The focus on chickpea markets has shifted to Mexico and India. Both countries are reporting strong seeding pace and are on track for substantial crops. US demand is still tapering off which has resulted in further softening of the Canadian market. Despite a small blip last week of elevated values (possible short covering of very limited quantity) values today for old crop #2 Kabuli hover around $0.51/lb FOB farm for March-April movement.  New crop has been on the radar with trades ranging from $0.43-$0.45/lb FOB farm with an AOG. There might still be some depth to that bid as it has been few and far between on actual trades.

The soybean market is receiving support based on South American weather forecasts returning to hot and dry projections after rains sent the markets lower last week. Harvest has started in Brazil with all eyes on early yield forecasts from Mato Grosso. Local soybean bids continue to hover in a range of $14.50-$15.00/bu FOB farm. Domestic feed values continue to support Faba bean markets. Feed fabas continue to trade near $13.00/bu FOB farm and #2 export quality is trading $15.00/bu FOB farm. Dry bean market news is focused on Mexico and Argentina. Mexican bean crops appear to have produced above average volumes as local bids have been slipping as of late.

Rayglen Market Comments are for informational purposes only. Rayglen Commodities and its agents or employees shall not be liable for any loss or damage suffered by any person as a result of reliance on any of the contents contained within these products, whether such loss or damage arises from negligence or misrepresentation or any act or omission of its agents or employees.

Rayglen Market Comments – December 22, 2021

Barley prices softened a little this week after pushing back up to $9/bu FOB the week prior. Most bids now lend closer to $8.50/bu picked up on farm, plus or minus, depending on movement window and location of grain. It’s a similar story to previous price slips, a bit too much corn filling spots that would normally be covered by feed barley, but supply is limited so there should continue to be strength in the market. We have seen a few fall bids on barley, with some malt numbers getting tossed out around at $8/bu delivered in for next year, while interest in feed continues around $6/bu. Feed buyers are not looking to get too deep into those bids so if you’re interested, we would need to firm things up. We are not seeing tons of interest on fall delivery barley contracts on the grower or buyer side at this point in time though.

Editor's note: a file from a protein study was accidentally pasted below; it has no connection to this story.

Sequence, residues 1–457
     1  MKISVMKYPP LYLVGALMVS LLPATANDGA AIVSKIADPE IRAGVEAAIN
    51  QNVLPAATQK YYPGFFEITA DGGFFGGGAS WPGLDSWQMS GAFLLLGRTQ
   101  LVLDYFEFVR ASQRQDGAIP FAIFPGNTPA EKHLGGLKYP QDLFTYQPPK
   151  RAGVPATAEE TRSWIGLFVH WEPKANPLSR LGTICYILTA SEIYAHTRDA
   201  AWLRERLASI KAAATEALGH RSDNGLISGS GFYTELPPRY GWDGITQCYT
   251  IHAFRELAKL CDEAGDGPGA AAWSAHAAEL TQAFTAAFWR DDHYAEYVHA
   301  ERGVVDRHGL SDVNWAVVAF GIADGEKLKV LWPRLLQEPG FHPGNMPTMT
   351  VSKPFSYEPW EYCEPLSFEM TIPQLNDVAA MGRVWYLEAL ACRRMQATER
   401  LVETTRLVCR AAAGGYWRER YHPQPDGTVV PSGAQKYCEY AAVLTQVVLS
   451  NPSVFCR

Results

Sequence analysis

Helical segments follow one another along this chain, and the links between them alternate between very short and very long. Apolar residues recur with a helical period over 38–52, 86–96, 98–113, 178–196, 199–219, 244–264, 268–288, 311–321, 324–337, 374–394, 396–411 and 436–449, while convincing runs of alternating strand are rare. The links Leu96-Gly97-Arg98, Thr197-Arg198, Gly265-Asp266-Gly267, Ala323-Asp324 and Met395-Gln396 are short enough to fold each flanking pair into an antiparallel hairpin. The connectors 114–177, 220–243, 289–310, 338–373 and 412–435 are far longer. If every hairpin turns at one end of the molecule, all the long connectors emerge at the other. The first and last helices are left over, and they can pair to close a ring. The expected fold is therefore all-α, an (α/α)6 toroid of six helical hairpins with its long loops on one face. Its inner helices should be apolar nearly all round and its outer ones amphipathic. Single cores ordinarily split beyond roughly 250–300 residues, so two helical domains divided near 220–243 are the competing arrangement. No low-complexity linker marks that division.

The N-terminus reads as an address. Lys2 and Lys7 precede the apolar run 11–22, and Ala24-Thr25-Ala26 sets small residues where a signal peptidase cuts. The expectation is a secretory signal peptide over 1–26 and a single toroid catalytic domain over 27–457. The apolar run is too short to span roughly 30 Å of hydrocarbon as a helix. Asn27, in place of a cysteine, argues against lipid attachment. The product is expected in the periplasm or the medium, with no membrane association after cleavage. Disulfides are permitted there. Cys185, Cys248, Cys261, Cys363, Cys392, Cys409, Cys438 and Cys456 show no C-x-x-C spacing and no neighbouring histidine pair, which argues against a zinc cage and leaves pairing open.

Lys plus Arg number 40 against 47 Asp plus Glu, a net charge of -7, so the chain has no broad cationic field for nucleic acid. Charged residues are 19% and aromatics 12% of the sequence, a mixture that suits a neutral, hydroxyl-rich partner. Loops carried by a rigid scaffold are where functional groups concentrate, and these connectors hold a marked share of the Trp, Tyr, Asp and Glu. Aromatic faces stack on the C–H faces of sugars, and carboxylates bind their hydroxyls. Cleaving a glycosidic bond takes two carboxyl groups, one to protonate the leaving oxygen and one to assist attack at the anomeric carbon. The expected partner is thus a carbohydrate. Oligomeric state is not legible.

Heading into the holidays, the pea market has shown very little change in pricing. Yellow peas continue to be priced at $18/bu picked up in limited locations with $17 – 17.50/bu more widely seen. Green peas remain at $16/bu delivered, with $16/bu picked up getting hard to come by. Historically, this is still a great price for green peas and shouldn’t be looked at negatively when compared to yellows, as yellows have a domestic demand that greens don’t. Maple pea pricing hasn’t changed from $18 – 19/bu picked up on farm, depending on location and variety. Looking to new crop, yellow peas in Eastern Sask. are currently bid at $13 – 13.50/bu picked up depending on movement timeline. If you aren’t in this area, we recommend trying out a target at these values.

Canary seed has yet to see a change in pricing over the last month or two. Buyers remain at 50 cents picked up as the urgency for demand seems to have quieted. We will have to wait and see if there will be another surge for more supplies in late winter, or if buyers have bought up enough to cover until then, as per reports. New crop values with an act of God are at 35 – 37 cents picked up, depending on location; a great new crop values to get the first 10 bu/acre on the books while hedging against downside risk, if you haven’t already.

‘Twas the week before Christmas, when all through the market, nothing was stirring, not even a target. Flax supplies filled the US with care, and despite our hopes, the EU and China are just not there. Flax bids at $40/bu are snug in the bed, while visions of new crop are dancing at $24-$25/bu in some buyer’s heads. While seed supplies might still have a cap, call Rayglen Commodities instead of settling for an empty tap. Now please remember that when your phone beeps with a clatter, not to worry, as it’s just our alerts to keep you up to date on the matter!